Business-Led Collaboration Works to Boost Manufacturing, Joins Network of North Carolina Sector Partnerships

November 19 , 2021 (Wilmington, N.C.) – What began late last year as a Zoom meeting among regional manufacturing managers will soon become a permanent association. The Cape Fear Manufacturing Partnership pulls together officials from leading industrial companies in Brunswick, Columbus, New Hanover and Pender counties to provide support, share solutions and act as a united voice for a competitive manufacturing economy in Greater Wilmington. 

“We were formed to address some issues we all have in common, and we’re taking both a long-and short-term approach to these things,” explained Jim Flock, general manager at Blair-HSM in Leland. The company, part of Italy’s Magnaghi Aeronautica Group (MA Group), manufactures landing gear components and provides aviation maintenance, overhauling and repair services. Flock is de facto chair of the Cape Fear Manufacturing Partnership, which hopes to incorporate as a non-profit organization by the end of the year. “That’s one of the things we’re working on,” he said. 

Flock and other manufacturing leaders hope to keep the group business-driven. It has received organizational support from the Cape Fear Workforce Development Board, Brunswick Business & Industry Development, and Wilmington Business Development. “This is a long-term project, and I hope it will be a viable entity for the community,” continued Flock. The group hopes to build a cooperative to spark efficiencies in purchasing, for example. But its most urgent priority is the current workforce shortage. “Labor is the main thing right now,” Flock said. 

To address the workforce needs of members, Flock and other Partnership founders are reaching out to community college leaders and K-12 school system officials to build an ongoing dialogue with educators and students. With the coordination of the Cape Fear Workforce Development Board, the group has met with top personnel at Brunswick Community College, Cape Fear Community College and Southeastern Community College. “They are all in,” said Eric Barton, vice president for supply chain at TriTech Forensics. “This is their strong suit, and they’re definitely on board.” 

TriTech, which makes evidence collection kits and digital forensics equipment, relocated to the region from Durham in 1994, operating in Southport for 23 years before moving to Leland. Barton is among the leaders volunteering time and energy to the Partnership, which aims to pool expertise and clout to advocate for manufacturing as a viable career choice among the region’s young people. “High schools are positive about it as well,” he said. The group has spoken to Career and Technical Education (CTE) directors in the four counties and is seeking a presence on career day programs and at job fairs. The Partnership wants to build permanent ties between manufacturing businesses, middle schools and high schools, in order to forge a strategic pipeline of industry-ready workers. “It won’t happen overnight,” Barton said. “The fruits of our labor may not be seen for five or ten years.”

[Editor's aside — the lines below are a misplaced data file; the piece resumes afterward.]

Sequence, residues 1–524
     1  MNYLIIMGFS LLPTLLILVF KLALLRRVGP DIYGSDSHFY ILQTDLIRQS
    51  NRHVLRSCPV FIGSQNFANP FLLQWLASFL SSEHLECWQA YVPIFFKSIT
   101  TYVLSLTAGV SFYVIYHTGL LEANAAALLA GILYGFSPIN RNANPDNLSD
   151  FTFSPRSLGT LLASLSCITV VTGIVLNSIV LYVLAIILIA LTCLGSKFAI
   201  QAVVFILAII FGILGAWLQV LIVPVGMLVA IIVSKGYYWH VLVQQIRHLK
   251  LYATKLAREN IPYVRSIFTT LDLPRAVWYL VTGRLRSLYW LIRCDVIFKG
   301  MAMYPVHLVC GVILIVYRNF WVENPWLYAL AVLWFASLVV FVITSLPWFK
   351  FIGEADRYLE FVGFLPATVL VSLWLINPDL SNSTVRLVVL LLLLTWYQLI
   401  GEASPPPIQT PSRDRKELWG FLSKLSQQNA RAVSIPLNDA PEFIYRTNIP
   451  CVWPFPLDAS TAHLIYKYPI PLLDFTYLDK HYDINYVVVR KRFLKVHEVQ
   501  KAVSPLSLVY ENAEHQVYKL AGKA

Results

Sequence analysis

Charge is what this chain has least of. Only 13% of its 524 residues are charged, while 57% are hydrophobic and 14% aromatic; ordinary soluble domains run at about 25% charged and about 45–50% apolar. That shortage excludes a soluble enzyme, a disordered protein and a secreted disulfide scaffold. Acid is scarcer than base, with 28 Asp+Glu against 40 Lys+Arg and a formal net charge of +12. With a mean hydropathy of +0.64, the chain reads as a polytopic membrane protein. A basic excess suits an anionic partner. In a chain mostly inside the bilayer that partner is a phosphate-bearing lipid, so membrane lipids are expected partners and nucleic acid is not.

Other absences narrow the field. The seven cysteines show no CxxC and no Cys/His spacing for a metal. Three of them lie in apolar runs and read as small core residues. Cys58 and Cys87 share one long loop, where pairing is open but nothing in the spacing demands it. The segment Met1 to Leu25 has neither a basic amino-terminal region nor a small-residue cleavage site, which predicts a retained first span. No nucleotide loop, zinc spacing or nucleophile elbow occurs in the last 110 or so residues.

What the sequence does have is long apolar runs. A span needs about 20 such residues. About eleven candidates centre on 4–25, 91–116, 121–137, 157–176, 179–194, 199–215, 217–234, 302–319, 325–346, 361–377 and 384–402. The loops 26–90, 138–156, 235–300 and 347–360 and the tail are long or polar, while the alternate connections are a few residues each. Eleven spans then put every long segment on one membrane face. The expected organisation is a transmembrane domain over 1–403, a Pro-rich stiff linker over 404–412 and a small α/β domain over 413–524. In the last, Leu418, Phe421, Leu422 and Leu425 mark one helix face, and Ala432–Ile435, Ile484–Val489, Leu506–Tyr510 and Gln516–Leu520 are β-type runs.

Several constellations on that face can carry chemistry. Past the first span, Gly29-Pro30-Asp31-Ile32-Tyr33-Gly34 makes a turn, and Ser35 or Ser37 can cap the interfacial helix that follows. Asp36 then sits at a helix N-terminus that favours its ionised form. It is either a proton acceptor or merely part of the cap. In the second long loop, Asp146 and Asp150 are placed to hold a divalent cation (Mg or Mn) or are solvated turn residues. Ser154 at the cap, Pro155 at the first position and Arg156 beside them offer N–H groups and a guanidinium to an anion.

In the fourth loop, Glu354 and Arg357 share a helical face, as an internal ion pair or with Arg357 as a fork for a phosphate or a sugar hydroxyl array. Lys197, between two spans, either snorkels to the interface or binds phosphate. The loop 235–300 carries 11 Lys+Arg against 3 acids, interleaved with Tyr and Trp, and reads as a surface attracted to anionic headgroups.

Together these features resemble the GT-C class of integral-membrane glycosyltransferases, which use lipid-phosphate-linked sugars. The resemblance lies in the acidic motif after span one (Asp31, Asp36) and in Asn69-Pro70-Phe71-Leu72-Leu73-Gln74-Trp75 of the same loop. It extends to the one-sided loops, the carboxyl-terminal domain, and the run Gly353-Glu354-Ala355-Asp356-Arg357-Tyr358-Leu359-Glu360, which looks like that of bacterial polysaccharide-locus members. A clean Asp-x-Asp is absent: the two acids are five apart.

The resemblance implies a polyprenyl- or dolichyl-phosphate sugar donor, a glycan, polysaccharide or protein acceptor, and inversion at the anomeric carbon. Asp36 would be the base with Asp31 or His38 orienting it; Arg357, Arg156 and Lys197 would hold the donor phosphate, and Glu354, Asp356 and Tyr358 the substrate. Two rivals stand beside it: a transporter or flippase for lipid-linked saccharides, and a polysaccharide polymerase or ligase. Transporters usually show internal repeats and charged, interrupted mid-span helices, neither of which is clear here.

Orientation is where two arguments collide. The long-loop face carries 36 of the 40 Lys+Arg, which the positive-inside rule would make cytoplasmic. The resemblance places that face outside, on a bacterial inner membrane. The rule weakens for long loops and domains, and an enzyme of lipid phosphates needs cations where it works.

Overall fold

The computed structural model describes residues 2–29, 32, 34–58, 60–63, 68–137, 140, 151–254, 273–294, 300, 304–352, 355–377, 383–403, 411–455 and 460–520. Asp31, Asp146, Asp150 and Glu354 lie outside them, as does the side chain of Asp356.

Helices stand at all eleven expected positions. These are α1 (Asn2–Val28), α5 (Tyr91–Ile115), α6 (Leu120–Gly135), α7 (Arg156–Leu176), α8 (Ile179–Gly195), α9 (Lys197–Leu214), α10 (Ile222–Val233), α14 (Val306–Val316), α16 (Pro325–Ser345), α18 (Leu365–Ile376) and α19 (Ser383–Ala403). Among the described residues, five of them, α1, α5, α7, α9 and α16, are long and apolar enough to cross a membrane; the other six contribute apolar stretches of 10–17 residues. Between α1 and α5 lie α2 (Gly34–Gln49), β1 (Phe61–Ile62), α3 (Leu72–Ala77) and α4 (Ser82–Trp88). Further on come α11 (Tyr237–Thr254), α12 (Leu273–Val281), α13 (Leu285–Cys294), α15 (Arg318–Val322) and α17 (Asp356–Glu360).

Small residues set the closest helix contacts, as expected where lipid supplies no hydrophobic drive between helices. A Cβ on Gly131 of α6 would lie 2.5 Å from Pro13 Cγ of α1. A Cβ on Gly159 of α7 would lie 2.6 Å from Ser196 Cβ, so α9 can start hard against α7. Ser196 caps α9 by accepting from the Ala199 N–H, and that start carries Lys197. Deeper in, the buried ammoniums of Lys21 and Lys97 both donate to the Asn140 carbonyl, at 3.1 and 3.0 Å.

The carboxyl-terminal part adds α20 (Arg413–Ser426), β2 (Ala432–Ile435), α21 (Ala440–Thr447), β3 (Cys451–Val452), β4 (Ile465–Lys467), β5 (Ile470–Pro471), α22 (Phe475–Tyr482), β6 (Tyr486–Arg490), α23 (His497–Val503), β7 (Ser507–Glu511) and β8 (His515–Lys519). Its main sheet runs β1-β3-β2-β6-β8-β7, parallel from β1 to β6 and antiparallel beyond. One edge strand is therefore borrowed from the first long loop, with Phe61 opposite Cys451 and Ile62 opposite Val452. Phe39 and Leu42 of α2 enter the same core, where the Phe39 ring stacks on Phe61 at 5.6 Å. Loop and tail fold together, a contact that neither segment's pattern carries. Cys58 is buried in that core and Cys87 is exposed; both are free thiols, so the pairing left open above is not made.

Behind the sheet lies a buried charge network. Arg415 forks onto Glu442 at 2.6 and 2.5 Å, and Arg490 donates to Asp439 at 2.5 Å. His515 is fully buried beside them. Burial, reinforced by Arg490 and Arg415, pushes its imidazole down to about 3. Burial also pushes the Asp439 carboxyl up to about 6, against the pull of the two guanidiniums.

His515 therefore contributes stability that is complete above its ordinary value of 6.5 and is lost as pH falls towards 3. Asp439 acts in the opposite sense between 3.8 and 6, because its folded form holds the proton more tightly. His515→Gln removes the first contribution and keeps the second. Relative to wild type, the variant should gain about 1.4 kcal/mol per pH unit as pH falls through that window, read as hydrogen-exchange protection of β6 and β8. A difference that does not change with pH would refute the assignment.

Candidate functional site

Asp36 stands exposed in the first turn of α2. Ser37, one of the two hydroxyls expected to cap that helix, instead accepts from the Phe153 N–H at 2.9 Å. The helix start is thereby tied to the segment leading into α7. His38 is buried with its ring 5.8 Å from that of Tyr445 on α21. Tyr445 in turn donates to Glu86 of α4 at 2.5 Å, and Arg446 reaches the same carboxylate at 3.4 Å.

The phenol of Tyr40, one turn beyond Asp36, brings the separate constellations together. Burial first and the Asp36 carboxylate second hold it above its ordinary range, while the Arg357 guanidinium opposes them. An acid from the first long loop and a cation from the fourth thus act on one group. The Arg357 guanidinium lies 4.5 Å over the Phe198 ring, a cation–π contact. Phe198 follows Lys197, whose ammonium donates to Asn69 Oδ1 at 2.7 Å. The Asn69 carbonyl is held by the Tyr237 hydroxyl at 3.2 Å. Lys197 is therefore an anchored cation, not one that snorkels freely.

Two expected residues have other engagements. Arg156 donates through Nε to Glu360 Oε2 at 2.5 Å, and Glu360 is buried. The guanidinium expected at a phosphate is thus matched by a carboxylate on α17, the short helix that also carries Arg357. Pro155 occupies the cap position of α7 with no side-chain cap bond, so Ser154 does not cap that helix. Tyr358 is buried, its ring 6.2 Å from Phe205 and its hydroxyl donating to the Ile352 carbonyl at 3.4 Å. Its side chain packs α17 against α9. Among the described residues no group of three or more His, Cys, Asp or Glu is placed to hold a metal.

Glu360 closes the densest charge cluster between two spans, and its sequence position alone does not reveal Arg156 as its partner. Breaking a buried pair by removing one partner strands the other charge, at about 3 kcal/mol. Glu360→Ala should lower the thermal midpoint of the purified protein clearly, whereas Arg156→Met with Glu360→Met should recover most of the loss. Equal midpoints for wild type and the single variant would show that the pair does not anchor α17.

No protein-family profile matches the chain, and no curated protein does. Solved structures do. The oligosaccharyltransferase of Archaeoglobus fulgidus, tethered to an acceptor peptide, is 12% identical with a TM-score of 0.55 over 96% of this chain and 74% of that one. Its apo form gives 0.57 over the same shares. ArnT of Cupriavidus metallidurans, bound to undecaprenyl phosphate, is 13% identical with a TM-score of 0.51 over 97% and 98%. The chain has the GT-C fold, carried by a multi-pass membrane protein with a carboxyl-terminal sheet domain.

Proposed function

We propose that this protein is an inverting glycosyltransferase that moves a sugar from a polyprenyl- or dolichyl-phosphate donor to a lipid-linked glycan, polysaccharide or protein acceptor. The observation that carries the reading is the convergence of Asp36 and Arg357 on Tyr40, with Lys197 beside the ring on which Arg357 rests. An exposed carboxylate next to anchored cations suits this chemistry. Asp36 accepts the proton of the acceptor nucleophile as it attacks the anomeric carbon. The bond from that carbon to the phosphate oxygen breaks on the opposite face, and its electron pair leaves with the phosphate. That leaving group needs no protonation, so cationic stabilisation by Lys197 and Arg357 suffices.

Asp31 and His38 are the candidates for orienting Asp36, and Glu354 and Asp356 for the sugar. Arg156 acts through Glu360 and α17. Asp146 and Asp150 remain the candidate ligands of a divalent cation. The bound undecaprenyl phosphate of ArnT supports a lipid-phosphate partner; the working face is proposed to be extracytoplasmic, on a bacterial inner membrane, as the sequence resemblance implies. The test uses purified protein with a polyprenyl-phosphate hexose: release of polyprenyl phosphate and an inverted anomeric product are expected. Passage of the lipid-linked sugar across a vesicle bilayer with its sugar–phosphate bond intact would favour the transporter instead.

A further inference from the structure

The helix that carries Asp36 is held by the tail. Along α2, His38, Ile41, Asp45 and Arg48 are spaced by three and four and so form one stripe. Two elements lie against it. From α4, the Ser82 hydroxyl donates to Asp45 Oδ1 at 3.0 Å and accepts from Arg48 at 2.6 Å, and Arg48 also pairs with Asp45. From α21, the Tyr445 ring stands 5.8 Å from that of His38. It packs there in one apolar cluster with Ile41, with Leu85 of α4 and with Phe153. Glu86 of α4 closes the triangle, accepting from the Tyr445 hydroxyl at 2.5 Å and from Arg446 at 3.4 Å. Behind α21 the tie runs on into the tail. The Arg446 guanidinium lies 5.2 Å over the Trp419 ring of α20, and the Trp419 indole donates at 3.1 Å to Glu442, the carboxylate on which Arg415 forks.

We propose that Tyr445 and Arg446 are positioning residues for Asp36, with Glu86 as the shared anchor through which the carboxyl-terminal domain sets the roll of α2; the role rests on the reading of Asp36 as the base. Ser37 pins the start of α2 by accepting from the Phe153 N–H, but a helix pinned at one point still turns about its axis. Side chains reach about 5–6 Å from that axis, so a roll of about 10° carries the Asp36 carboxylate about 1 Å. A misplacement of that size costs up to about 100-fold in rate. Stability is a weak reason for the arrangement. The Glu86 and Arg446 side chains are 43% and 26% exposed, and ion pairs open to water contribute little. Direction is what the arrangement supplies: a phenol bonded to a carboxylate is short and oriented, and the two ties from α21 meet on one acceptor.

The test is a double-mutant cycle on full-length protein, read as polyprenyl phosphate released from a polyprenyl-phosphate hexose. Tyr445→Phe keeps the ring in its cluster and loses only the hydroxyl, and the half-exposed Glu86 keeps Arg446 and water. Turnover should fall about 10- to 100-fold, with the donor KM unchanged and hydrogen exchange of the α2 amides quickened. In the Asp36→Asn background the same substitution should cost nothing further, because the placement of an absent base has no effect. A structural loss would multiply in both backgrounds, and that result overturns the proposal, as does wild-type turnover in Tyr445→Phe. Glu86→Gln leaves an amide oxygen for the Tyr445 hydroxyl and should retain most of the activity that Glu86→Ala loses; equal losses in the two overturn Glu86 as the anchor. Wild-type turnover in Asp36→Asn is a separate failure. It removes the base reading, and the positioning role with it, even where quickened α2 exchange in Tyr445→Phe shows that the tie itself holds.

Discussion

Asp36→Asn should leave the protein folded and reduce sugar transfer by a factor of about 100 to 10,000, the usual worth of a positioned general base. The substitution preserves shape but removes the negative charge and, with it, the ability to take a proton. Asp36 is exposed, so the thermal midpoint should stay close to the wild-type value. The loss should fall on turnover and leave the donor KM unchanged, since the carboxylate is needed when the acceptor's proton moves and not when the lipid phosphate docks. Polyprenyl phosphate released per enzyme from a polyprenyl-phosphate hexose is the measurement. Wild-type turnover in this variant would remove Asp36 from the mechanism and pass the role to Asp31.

The move also has support from the Governor’s Office and the N.C. Department of Commerce, which sees the Partnership as a replicable model for sharpening the competitive edge of the state’s manufacturing sector. In 2019, Governor Cooper announced North Carolina’s sector partnership initiative to provide support to business-led partnerships and boost the state’s high-demand industries.  Regions receive support, technical assistance and coaching to promote a coordinated strategy among workforce, economic development, and education organizations to meet the needs of businesses. An ongoing collaboration between the Governor’s Office, the North Carolina Community College System, the N.C. Department of Commerce, the Economic Development Partnership of North Carolina (EDPNC), the NCWorks Commission, and the North Carolina Association of Workforce Development Boards is working toward creating the right environment for sector partnerships to launch and thrive. 

“Regional groups like the Cape Fear Manufacturing Partnership exemplify the NC Job Ready approach we have taken, which emphasizes employer leadership,” said Governor Roy Cooper. “By working together and identifying what businesses need, we can help grow our economy and fill the jobs that our state’s innovative manufacturers create.”

“With sector partnerships, businesses set the agenda, and we help bring together experts in fields like economic development, workforce development and education,” N.C. Commerce Secretary Machelle Baker Sanders said. “Our state’s new ‘First in Talent’ strategic plan calls for expanding sector partnerships to more regions and industries, and we are excited to see how the progress made in the Cape Fear region can serve as an example for additional initiatives in the future.”

“By taking advantage of the existing infrastructure of local workforce boards, and their partnerships with community colleges and business development organizations, we will enable new manufacturing partnerships to spring up all over the state, addressing the issues we all face,” said Flock.

Alongside Blair-HSM and TriTech Forensics are a host of around 30 regional manufacturers including Mojotone, Acme Smoked Fish, GE, Corning, Pacon, Polyhose, Flow Sciences, Southern Industrial, Victaulic and others that partner in the initiative. 

About the Author

You may also like these